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#129906 - 11/15/05 08:28 AM Transformer applications
Dnkldorf Offline
Member
Registered: 12/12/04
Posts: 1064
Loc: nowhere usa
Can anyone explain to me what the advantages/disadvantages of open delta transformers are?

I've never seen one.......

I,m curious where they would be used and what type industry uses them.


Thanks...
Dnk............
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#129907 - 11/15/05 01:42 PM Re: Transformer applications
Dave T Offline
Member
Registered: 01/22/05
Posts: 155
Loc: Waukesha, WI, USA
A couple of things that come to mine are less expensive than using 3. But the negative is that with only 2 transformers if one bites the dust your SOL and out of business. With 3, if you loose one you can still function having only 2 but the capacity is reduced to 57% if I can recall correctly.
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#129908 - 11/15/05 03:28 PM Re: Transformer applications
WFO Offline
Member
Registered: 09/03/05
Posts: 202
Loc: Cat Spring, TX
It's cheaper to install if you're paying for the primary since you only need to bring in two phases. If you're a mile back in the boonies, that can be considerable.

The biggest disadvantage is that its voltage regulation under load is poor compared to a 3-pot bank. This can lead to serious voltage and current imbalances in 3 phases devices, which most of the common heater type protection won't protect against.

I had a water well rep tell me once that he had heard that some pump manufacturers would void their warranties if they found out the pump had been on an open delta.
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#129909 - 11/16/05 06:28 AM Re: Transformer applications
JBD Offline
Member
Registered: 07/12/01
Posts: 599
Loc: WI, USA
Three phase is three phase - it always requires 3 conductors. Granted one of these conductors can be grounded. I am not aware of any utility distribution system that uses the earth as the sole return path for a phase conductor.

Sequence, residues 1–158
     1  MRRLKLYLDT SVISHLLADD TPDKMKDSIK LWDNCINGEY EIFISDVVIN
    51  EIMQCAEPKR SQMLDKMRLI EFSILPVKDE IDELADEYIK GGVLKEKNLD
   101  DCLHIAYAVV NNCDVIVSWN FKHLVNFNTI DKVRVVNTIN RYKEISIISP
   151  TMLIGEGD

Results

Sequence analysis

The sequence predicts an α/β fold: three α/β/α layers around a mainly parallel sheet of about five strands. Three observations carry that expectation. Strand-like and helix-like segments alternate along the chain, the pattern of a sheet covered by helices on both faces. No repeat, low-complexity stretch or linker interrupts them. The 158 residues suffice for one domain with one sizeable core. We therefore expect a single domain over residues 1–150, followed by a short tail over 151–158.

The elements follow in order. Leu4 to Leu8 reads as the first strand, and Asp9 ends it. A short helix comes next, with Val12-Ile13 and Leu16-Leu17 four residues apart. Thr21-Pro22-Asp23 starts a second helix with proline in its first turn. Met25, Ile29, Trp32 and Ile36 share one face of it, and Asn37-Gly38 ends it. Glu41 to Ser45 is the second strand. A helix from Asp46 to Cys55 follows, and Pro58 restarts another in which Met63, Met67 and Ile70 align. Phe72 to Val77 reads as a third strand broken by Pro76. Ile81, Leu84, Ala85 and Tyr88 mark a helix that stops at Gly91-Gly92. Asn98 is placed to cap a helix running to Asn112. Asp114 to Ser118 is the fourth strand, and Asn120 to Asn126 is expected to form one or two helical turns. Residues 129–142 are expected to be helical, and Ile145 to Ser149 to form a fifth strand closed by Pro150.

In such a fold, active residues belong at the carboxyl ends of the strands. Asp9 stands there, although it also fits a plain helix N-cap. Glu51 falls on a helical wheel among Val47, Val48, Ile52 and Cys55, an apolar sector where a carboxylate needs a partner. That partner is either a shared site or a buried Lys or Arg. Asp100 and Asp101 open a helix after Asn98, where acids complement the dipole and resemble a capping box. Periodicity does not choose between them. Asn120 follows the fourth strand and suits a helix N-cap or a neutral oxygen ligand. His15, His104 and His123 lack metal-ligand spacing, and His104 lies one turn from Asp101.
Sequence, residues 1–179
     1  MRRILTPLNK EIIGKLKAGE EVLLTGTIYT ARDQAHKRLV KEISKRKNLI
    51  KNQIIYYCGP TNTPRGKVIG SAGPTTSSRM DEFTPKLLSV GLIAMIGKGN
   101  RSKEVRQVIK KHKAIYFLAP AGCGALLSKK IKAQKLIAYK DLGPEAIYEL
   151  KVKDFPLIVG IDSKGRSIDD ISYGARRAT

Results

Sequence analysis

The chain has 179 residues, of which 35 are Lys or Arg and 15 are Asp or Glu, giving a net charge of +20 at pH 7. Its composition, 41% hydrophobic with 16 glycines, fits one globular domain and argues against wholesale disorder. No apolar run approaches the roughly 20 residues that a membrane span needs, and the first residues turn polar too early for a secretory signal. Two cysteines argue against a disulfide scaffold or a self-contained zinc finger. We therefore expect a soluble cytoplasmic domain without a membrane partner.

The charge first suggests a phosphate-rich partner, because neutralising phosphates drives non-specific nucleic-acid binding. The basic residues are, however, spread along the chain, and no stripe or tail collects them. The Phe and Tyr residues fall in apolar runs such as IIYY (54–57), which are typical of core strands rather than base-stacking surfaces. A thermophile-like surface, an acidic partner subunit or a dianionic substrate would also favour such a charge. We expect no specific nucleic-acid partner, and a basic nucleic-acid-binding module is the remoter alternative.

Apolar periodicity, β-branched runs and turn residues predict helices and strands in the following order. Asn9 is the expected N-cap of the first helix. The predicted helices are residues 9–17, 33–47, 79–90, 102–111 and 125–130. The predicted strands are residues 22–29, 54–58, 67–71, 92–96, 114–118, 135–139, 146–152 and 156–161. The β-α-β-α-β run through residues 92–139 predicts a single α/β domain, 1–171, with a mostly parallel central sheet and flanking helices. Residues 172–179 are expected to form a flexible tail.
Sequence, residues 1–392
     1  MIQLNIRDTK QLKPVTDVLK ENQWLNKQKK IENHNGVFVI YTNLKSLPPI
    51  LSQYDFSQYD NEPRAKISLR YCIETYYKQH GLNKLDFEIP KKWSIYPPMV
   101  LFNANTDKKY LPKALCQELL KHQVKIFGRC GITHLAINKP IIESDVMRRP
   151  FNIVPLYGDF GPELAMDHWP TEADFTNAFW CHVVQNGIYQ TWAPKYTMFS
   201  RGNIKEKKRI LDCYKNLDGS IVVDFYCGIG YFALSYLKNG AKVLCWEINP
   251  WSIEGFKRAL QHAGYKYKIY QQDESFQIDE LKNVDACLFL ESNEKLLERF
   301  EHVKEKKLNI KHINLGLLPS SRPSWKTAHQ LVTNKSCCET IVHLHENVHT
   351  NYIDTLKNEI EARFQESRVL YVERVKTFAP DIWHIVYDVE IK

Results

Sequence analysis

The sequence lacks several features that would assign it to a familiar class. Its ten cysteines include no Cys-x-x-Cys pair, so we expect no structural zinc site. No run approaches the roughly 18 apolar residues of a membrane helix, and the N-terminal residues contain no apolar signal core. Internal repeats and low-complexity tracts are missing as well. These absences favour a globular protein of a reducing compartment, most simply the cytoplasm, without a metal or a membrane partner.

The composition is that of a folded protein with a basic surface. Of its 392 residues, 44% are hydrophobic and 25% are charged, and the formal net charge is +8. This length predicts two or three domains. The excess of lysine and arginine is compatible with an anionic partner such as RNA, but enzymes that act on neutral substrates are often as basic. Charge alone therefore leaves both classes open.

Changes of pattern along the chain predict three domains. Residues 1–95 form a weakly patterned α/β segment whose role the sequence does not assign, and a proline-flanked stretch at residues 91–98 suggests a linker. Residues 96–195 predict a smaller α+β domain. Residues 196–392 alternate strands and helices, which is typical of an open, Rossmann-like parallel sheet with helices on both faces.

Also the most accurate comparisons would be between the use of multiple single phase transformers versus a single three phase unit. Advantages may include (but are definitely case dependent):
smaller support structure
lower purchase costs
better utilization of inventory
reduced number of spare parts
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#129910 - 11/16/05 09:17 AM Re: Transformer applications
ptonsparky Offline
Junior Member
Registered: 11/16/05
Posts: 2
Open delta three phase can be obtained with only two primary phase conductors. This is done by wiring the primary side in an open wye configuration and secondary in what we know as the open delta. Some one else will have to explain the theory on how the phase shift occurs but this is a common practice in this area
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#129911 - 11/17/05 06:36 AM Re: Transformer applications
C-H Offline
Member
Registered: 09/17/02
Posts: 1497
Loc: Stockholm, Sweden
JBD and ptonsparky, I think you are agree without knowing it. You will need three conductors, but only two phase conductors. One can be the neutral or a grounded phase. Either way, you save some money on the insulators.

In theory, you could use the earth for the neutral, but I don't see why you would. Where there is only a single phase, it makes more sense to use the earth because you won't have to worry about conductors that clash => longer spans => cheaper.

[This message has been edited by C-H (edited 11-17-2005).]
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#129912 - 11/18/05 06:07 AM Re: Transformer applications
WFO Offline
Member
Registered: 09/03/05
Posts: 202
Loc: Cat Spring, TX
Quote:
"Three phase is three phase - it always requires 3 conductors. Granted one of these conductors can be grounded. I am not aware of any utility distribution system that uses the earth as the sole return path for a phase conductor."

True. A utility will bring in a neutral regardless of whether it is one, two, or three phases (although I think there are applications in extremely long distribution systems where the earth is the actual return...anyone from Australia confirm this??).
I was referring to not bringing in the third hot phase. If you do not have the neutral to corner the bank, you will not get the phase shift. C-H has it right in that regard.

Quote:
"Where there is only a single phase, it makes more sense to use the earth because you won't have to worry about conductors that clash => longer spans => cheaper."

The resistivity of the earth varies tremendously. It is not uncommon in our area, which has a lot of sand, to have a 7.2 Kv (or even a 14.4 Kv) line fall on the ground and just lay there hot. The high impedance of the sand prevents enough current from being drawn to trip the line breakers. Extremely good reason to tell your kids to stay away from downed lines.
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